According to one holiday planning guide which I found in my old files, as I packed to move to Germany, I am way behind in my preparation for the Christmas season (never mind Thanksgiving); since ‘to ensure a calm and festive December’, by now I should have:
• Evaluated and topped up my wrapping essentials
• Started a Christmas notebook
• Bought extra canned goods for holiday food drives
• Bought and wrapped gifts for 4 persons, (8 by the time you read this)
• Bought and begun to address Christmas cards and envelops
• Stocked up on pantry essentials
• Brought out the Tree, detangled Christmas lights
• AND bought tickets to holiday performances such as The Nutcracker & A Christmas Carol! (Which are likely on sale right now!)
Clearly an old article, not adjusted to any semblance of Christmas preparation realities for December of the year 2020. For most, if not all of us, it is more than a little redundant to say that there is not much that will be familiar about the holidays this year. For me, the Holiday season is going to be even a bit more complicated, with us being abroad, our children now spread across three states of the US and extended family being even further far-flung.
New Ways Past Old Ruts
Yet, because many of our family’s best memories have to do with this Season of all seasons, I personally need to do something to touch and hold family close to heart as well as to the eternal significance of it all. Besides, as COVID has been proving, it can be an unprecedented opportunity to get rid of some of the ‘familiar’ that should have been left behind a long time ago! The true challenge no doubt is going to be, “What will we replace the empty ‘fillers’ of the past with?” I am sure that I am not the only person who is in danger of settling into old ruts of stress and strain, despite having more time on my hands than I have had since early childhood; I am still ending each day wondering where the time went. (Though, in all fairness, the sun sets by 4:30 here!). With much grace, I aim to resist the empty busy-work without neglecting the heart of the Christmas season and, to that end, it’s the internet to the rescue… again. I cannot believe I just admitted that, but the truth is we have found meaningful ways to celebrate three of our family’s Fall birthdays this year so far, employing the internet. Timed cash-drops punctuated with the happy birthday song; enlisting a friend’s event decorating prowess to deliver ‘birthday’ to the door of a senior family member; and, other than gifting thru online shopping, spending quality family time in group chats like Zoom, encouraging and building each other up; or in coordinated movie watching.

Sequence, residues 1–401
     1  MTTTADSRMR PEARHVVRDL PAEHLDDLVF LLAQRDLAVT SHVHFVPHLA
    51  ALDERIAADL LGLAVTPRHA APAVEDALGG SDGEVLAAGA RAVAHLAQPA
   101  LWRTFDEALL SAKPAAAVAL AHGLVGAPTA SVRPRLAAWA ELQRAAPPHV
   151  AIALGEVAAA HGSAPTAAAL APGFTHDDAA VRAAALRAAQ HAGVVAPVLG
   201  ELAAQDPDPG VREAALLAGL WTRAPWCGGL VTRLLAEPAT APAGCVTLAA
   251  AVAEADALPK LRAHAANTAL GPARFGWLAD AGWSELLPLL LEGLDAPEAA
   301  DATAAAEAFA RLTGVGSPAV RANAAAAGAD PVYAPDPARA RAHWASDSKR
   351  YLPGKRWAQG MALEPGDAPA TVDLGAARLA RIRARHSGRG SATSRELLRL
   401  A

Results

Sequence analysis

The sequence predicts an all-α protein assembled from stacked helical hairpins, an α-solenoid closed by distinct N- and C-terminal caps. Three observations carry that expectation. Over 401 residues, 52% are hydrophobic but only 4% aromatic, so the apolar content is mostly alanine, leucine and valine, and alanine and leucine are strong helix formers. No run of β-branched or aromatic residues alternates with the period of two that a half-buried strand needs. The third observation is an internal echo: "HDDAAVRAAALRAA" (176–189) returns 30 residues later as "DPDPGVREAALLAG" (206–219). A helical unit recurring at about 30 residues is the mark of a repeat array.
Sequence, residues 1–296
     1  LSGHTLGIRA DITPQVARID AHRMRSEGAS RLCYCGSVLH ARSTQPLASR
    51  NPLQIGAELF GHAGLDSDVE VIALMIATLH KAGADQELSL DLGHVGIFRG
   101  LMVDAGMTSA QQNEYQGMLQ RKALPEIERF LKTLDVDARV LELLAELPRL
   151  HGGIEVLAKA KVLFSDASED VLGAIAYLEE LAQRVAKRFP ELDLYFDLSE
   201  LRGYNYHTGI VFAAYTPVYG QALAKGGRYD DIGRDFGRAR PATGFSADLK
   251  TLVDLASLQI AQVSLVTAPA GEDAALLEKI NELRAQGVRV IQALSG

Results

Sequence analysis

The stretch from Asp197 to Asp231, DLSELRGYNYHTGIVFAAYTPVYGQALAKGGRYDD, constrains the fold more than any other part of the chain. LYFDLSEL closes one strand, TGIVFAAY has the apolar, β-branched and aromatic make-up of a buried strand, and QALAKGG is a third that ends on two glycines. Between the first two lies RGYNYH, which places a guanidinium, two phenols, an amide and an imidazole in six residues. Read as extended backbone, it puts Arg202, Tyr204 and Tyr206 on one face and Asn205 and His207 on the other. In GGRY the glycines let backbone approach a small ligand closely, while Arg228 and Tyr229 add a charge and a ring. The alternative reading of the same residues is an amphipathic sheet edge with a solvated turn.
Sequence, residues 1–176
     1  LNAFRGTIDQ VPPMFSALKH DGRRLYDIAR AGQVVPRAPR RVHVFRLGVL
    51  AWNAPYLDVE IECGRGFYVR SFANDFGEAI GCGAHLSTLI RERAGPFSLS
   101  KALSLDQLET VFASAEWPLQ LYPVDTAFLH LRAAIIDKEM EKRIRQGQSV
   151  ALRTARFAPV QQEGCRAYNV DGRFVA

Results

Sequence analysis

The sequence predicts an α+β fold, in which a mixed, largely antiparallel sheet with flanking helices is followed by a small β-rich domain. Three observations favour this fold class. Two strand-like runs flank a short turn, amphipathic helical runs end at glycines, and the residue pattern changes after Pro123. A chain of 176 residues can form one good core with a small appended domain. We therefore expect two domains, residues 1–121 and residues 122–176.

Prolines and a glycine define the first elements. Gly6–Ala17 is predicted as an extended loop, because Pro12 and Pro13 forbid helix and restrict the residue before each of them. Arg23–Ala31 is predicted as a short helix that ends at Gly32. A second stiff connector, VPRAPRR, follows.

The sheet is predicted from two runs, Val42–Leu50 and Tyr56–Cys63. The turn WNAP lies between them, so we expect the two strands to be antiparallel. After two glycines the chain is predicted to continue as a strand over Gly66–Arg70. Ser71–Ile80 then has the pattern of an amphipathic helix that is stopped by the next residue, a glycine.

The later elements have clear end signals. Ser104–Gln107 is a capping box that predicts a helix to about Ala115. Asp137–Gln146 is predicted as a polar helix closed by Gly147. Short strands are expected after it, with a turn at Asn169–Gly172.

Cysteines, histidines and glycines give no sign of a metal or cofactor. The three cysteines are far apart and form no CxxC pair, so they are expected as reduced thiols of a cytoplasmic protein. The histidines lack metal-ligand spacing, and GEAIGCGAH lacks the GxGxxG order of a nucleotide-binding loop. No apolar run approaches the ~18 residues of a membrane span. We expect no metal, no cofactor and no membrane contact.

Searching for Christmas in Germany
One of the joyful anticipations that our recent relocation had held out was the romantic idea that Germany is the place to be for Christmas—Land of the great toy-makers, craftsmen and engineers; neat, centuries old towns made more magical with Christmas markets and lighted villages; the glory of the season there often pictured in travel magazines. Well, like most things, it seems we will have to wait and see. It will likely be a scaled down version, at twice the price for lack of competition, as smaller businesses have down-sized or totally folded. Nonetheless, we made a visit to our first German toy/gift store a couple weeks ago. Granted, it was in the ‘Mall’ of a military base close to hubby’s place of employ but was truly a smorgasbord of toy, and Christmas decorating “tinker-try”. Sadly, just like the large grocery store, clearly aimed at the heavily American population of the city’s military bases, the shelves fully stocked for the season, had little to do with the nativity of Christ. I purchased three of the six truly Advent based calendars at the toy-shop, postponing purchase of the few but lovely ‘Nativity Pyramids’ due to expensive pricing, and found not even a single nativity-themed advent calendar in the grocery store’s large chocolate-backed inventory. With most being typically chocolate ‘treats’ behind each of 24 foil windows representing the countdown to what is traditionally Christmas Day, the choices also now crazily range in size and content from spa-based self-care tips and toiletries to barista coffee or alcoholic beverage additives.